Table 1. NYHA functional classification.

The resistive component of IOS parameters (R) mainly reflects the frictional loss occurring during airflow in the bronchus, while the non-resistive component of IOS parameters(X) reflects the energy which mostly stored by peripheral parts of the respiratory system.

Spironolactone 25 mg were given to all of our patients from function class II-IV for 1 month. Then they evaluated again by using IOS one month later.

Results are reported as means (standard deviations). We used unpaired student t-test for inter-groups comparisons and paired t-test for intra-group analysis. P value less than 0.05 was regarding significant.

3. Results

The age of patient was 61 ± 10 and the age of control was 57 ± 7 years old. As shown in Table 2 the patients and control were matched regarding age, weight and gender.

The most prevalent sign between CHF patients was ischemia in EKG and Cardiomegaly in CXR.

Control patients had higher FEV1 and FVC and lower R5 and R20 (Table 3).

Before taking spironolactone the more correlation between IOS data and spirometry took place at R5 (Table 4).

After taking spironolactone FEV1 and FVC increased and R5 and Zr5 decreased but there were not significant (Table 5).

The data of oscillometry before and after spironolactone were X5 (−0.14 ± 0.05 vs −0.14 ± 0.05, P: 0.93), R5 (0.39 ± 0.21 vs 0.39 ± 0.15, P: 0.35), X20 (−0.04 ± 0.06 vs −0.06 ± 0.06, P: 0.37), R20 (0.04 ± 0.03 vs 0.06 ± 0.06, P: 0.37), Zrs (0.39 ± 0.21 vs 0.39 ± 0.15, P: 0.35) (Table 5).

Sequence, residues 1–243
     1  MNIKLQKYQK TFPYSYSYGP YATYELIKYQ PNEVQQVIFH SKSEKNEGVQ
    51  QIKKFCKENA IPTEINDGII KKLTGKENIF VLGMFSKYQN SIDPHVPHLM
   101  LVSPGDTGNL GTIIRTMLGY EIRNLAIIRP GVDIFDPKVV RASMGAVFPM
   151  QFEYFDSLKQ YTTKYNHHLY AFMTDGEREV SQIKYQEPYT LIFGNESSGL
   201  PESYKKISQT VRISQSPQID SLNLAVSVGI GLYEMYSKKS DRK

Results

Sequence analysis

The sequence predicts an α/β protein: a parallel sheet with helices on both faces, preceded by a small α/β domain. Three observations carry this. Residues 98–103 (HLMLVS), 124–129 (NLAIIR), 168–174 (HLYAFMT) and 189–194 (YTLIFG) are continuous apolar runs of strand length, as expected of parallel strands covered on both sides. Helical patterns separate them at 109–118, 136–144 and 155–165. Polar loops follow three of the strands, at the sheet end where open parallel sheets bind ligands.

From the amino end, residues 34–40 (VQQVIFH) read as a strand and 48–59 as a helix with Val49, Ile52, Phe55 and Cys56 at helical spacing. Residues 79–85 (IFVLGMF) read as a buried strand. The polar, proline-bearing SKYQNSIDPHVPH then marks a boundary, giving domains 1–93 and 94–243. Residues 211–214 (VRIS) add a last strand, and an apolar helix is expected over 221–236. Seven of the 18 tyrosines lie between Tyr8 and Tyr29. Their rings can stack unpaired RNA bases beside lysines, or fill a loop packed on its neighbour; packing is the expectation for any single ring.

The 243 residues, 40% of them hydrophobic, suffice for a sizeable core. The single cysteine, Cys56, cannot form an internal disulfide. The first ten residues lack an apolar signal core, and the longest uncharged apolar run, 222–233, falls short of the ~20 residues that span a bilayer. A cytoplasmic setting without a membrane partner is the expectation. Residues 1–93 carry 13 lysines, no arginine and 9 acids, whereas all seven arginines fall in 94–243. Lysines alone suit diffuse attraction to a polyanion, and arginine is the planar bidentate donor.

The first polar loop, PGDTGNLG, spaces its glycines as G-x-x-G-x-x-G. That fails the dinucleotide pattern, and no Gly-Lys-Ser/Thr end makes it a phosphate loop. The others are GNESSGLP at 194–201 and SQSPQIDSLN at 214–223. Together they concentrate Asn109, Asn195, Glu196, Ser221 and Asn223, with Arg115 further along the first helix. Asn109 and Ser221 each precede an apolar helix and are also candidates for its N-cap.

Although it was a trend toward reduction of oscillometry numbers they were not significant.

Table 2. Basic characteristics of subjects.

Values are means percent; MI: Myocardial Infarction; NYHA: New York Heart Association; EKG: Electrocardiography.

Table 3. Spirometry and impulse oscillometry findings in patients and control groups before taking spironolactone.

Values are means ± SDFEV1, forced expiratory volume in the first second; FVC: forced vital capacity; R5 Hz: resistance at 5 Hz; R20 Hz: resistance at 20Hz; X5 Hz: reactance at 5Hz; X20 Hz: reactance at 20Hz; Z: impedance of the respiratory system.

Table 4. Correlation between spirometry and IOS in patients and controls.

FEV1, forced expiratory volume in the first second; FVC, forced vital capacity ; R 5 Hz, resistance at 5 Hz; R 20 Hz, resistance at 20 Hz; X 5 Hz, reactance at 5 Hz; X 2O Hz, reactance at 5 Hz; Z, impedance of the respiratory system. *P < 0.05; †P < 0.001

Table 5. Spirometry and oscillometry finding in CHF patients before and after treatment with spironolactone.

4. Discussion

The measurement of the degree of Broncho constriction is normally measured by using forced spirometry. This technique can be even used in patients whom are too weak to perform spirometry, but it also avoids forced maneuvers, which can affect bronchial tone [10] [11]. Impulse oscillometry measures total airway resistance throughout the respiratory cycle, and by altering the frequency of the applied sound wave, allowing localization of the pathology. Also it depends on patient’s motivation and respiratory muscle strength lesser than forced maneuvers strongly. Resistance, which was measured by IOS, had a good correlation with assessments of resistance, which measured by the plethysmographic or oesophageal method [11] [12] [13] [14].

The IOS superimposes small air pressure perturbations on the natural breathing of a subject to measure the impedance of the respiratory system. The respiratory Impedance (Z) measured by IOS consists of respiratory Resistance (R) and respiratory Reactance (X). The real part corresponds to the R, which includes the resistance of the proximal and distal airways (central and peripheral), as well as lung tissue and chest wall. Usually, central resistance is dominant, depending on airway caliber and the airway walls surface, while lung tissue and chest wall resistances are usually negligible. In healthy adult subjects, R is almost independent of oscillation frequency. When an airway obstruction occurs, either central or peripheral, R5 (Resistance at 5 Hz) is increased above normal values [14] [15].